The locking clip may be formed of any resilient plastic or metal which is pliable enough to allow for the operation of the resilient member without breaking. For example, when made of plastic, the locking clip may be formed by a plastic extrusion or molding process. Alternatively, a plastic locking clip may be die cut from a sheet of plastic, heated and shaped accordingly. A die cut and shaping process may form a metal clip, for example. Methods and materials for forming appropriate resilient plastic and metal members that meet the requirements of this invention are known in the art and will be clear to those of ordinary skill in the art.
The biased hinge 66 of the bubble cover plate 60 embodiments shown in
Also similar to the embodiment of the flat cover plate shown in
The base 64 of the bubble cover plate 60 further includes a cord catch 86 positioned along an upper lip 88, or ridge of the base structure 64 so that a cord may be placed in the cord catch 86 to allow the cord to be plugged into a receptacle or otherwise attached to an electronic device installed within the cover plate 60 when the lid is closed. For stiff cords that do not bend easily when confronted with the lid closing, a knock-out tab 90 may be positioned along a lip 92, or ridge of the lid 62. In particular embodiments of the invention, the knock-out tab 90 covers the cord catch 86 when the lid is in its closed position (see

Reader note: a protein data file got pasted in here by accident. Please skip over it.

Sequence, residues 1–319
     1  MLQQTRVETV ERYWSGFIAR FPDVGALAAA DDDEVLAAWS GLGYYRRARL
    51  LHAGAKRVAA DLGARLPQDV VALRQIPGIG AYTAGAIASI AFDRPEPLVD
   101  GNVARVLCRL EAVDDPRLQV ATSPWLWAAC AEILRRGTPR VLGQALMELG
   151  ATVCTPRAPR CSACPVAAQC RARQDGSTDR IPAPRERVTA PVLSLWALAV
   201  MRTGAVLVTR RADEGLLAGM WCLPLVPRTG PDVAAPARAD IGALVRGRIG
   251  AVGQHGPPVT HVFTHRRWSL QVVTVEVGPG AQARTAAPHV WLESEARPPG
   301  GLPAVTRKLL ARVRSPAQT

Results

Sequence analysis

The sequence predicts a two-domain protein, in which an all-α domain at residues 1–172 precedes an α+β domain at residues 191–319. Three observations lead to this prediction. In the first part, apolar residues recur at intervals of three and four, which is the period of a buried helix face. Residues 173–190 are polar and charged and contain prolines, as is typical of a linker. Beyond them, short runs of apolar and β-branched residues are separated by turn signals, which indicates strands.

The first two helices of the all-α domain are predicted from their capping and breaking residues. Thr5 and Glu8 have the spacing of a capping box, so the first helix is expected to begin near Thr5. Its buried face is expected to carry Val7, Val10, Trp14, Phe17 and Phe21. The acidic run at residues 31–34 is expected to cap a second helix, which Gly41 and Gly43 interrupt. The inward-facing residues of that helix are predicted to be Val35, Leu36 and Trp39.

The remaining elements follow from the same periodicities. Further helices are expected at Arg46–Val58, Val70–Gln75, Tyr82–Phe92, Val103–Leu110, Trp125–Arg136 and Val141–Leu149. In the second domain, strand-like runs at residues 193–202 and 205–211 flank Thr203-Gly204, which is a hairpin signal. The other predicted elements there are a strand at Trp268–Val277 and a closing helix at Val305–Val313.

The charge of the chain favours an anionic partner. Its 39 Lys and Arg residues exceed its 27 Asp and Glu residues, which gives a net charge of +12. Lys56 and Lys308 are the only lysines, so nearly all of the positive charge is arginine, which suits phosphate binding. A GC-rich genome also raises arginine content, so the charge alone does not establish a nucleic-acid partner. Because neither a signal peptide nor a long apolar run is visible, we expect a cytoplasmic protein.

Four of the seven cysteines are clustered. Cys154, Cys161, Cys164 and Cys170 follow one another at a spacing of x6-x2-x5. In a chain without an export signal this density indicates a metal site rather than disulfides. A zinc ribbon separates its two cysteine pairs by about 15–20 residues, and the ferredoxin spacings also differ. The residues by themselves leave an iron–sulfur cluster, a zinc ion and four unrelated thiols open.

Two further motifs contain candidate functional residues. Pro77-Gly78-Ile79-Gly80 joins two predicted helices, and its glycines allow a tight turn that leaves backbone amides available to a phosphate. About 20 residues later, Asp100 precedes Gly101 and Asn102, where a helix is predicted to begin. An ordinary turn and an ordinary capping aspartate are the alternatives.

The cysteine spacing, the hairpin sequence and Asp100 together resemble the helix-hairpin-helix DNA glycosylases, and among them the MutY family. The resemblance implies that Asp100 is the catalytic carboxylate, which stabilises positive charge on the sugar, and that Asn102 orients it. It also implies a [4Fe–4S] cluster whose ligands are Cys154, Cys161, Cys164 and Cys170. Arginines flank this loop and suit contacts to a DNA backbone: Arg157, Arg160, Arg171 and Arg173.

As shown in
Additional or alternative knock-out tabs and cord catches may be used in the base and lid to accommodate cord access to the closed cover plate from various locations or for multiple access points. For example, as illustrated in
Additionally, a cord catch of any embodiment of the invention may further include a knock-out section 110 therein which is integrally formed with the base but includes a thinned region 112 therearound, similar to knock-out sections 90 included in the lid 62. These cord catch knock-out sections 110 may then be used to provide additional protection until it is desired to pass a cord through the cord catch. The thinned region 112 allows for removal of the knock-out section 110 similar to the knock-out tabs 26 of the base shown in
In reference to
In addition, referring to
In other embodiments of the invention, however, such as those shown in
As with previous embodiments of the invention, the base opening 138 may include a knock-out which can be removed only when needed. It is anticipated that the gap 136 and base opening 138, if used, may be of any shape and size so long as it is sufficient to allow an electrical cord to pass therethrough. For embodiments without a base opening, the gap 136 between the lid 130 and the base 134 may be designed of a sufficient size to allow a cord to pass therethrough without preventing the lid 130 from closing. The base 134, may also be formed with a greater depth 139 to provide protection for the internal electronics while compensating for the opening 138 in the base ridge. Note that for the embodiment shown in